The introduction to Simon Houpt’s book Museum of the Missing: A History of Art Theft begins with the heartbreaking true story:
“It may be the most haunting work of art in the world.
It has no canvas, no oil paint, no artist’s signature. Official appraisals would say it is worthless. It is just a single carved wood frame, the color of burnished gold, hanging on an easel draped in heavy brown fabric. Until one late winter night in 1990, that frame held The Concert, one of only thirty-six known works by Dutch artist Johannes Vermeer. Like so many of Vermeer’s paintings, The Concert is famously enigmatic. It quietly imposes itself on the viewer, insisting on contemplation. And here, in the Dutch Room on the second floor of the Isabella Stewart Gardner Museum in Boston, a wide-backed chair upholstered in light green Victorian fabric sits in front of the easel, courteously placed there so that a visitor might pause to reflect on the painting’s luminous beauty and the many secrets it holds.
But in 1990, when two thieves ransacked the museum during the city’s post-St. Patrick’s Day inebriated haze, plucking the Vermeer and twelve other treasures, including three Rembrandts and a Govaert Flinck from this same room, the greatest secret of The Concert became its location. Now, if you go to the Gardner, you will see a heartbreaking tableau: that chair staring up at the empty frame, as if in eternal contemplation of the loss.”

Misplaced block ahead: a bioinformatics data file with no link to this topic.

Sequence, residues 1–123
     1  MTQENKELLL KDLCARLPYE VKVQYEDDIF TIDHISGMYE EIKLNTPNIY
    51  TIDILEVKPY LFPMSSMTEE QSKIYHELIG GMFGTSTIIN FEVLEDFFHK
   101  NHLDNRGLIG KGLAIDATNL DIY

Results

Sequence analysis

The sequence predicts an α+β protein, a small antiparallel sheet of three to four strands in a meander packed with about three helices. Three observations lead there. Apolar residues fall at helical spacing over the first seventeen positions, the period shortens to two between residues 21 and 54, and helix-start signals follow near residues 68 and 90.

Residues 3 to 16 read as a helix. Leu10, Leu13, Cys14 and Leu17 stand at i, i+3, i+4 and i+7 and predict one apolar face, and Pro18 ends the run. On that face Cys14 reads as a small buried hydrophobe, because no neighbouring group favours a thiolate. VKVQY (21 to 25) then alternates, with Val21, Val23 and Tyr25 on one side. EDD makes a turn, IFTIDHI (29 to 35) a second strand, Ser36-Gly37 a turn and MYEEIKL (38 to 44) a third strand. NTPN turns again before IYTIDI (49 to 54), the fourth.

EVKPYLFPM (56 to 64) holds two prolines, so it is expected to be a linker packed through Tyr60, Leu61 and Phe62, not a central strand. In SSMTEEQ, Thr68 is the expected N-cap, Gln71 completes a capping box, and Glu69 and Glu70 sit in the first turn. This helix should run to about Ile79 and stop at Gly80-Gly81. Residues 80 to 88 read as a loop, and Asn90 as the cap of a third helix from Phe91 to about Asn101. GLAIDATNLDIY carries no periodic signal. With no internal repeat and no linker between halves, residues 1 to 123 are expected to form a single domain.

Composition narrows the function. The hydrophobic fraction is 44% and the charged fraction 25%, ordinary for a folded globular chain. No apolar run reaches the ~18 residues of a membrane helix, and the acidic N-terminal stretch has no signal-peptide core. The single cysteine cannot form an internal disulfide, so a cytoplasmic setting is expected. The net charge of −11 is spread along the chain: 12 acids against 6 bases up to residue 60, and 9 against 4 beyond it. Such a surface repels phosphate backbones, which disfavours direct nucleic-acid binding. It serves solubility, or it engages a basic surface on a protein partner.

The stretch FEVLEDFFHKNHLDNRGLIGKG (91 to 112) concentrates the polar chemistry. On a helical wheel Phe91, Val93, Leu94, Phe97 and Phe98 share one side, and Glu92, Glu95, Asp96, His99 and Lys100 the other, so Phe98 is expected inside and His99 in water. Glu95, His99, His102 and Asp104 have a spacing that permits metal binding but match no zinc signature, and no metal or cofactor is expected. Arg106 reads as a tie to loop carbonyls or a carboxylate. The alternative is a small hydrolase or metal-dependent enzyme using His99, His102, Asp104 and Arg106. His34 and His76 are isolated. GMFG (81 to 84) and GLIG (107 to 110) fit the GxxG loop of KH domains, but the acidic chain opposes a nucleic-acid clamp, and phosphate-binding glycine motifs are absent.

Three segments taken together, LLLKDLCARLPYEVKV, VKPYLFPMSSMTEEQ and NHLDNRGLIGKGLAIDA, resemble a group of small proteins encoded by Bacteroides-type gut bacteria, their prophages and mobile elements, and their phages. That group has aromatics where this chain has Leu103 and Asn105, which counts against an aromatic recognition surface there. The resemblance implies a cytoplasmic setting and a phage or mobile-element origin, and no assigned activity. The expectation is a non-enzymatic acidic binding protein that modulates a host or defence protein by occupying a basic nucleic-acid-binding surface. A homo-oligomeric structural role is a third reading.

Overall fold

As noted on the Isabella Stewart Gardner Museum website, the stolen works include: “Rembrandt’s Storm on the Sea of Galilee (1633), A Lady and Gentleman in Black (1633) and a Self Portrait (1634), an etching on paper; Vermeer’s The Concert (1658–1660); and Govaert Flinck’s Landscape with an Obelisk (1638); and a Chinese vase or Ku, all taken from the Dutch Room on the second floor. Also stolen from the second floor were five works on paper by the Impressionist artist Edgar Degas and a finial from the top of a pole support for a Napoleonic silk flag, both from the Short Gallery. Edouard Manet’s Chez Tortoni (1878–1880) was taken from the Blue Room on the first floor.”
The approximately $500 million worth of art stolen from the Gardner is still an open case, and there is a $5 million reward for information leading to the recovery of the 13 pieces. The FBI maintains a dedicated webpage on the case.
The latter portion of Houpt’s book contains the Gallery of Missing Art, an assortment of artwork that has been stolen with a brief paragraph on each piece. And of course, the color pictures of the stolen art are amazing.
There were two security guards on duty that night in 1990 at the Isabella Stewart Gardner Museum (they were unscathed). I’m so glad I wasn’t one of them–the thieves duped the guards by dressing up as city policemen, stating that they were there for a call.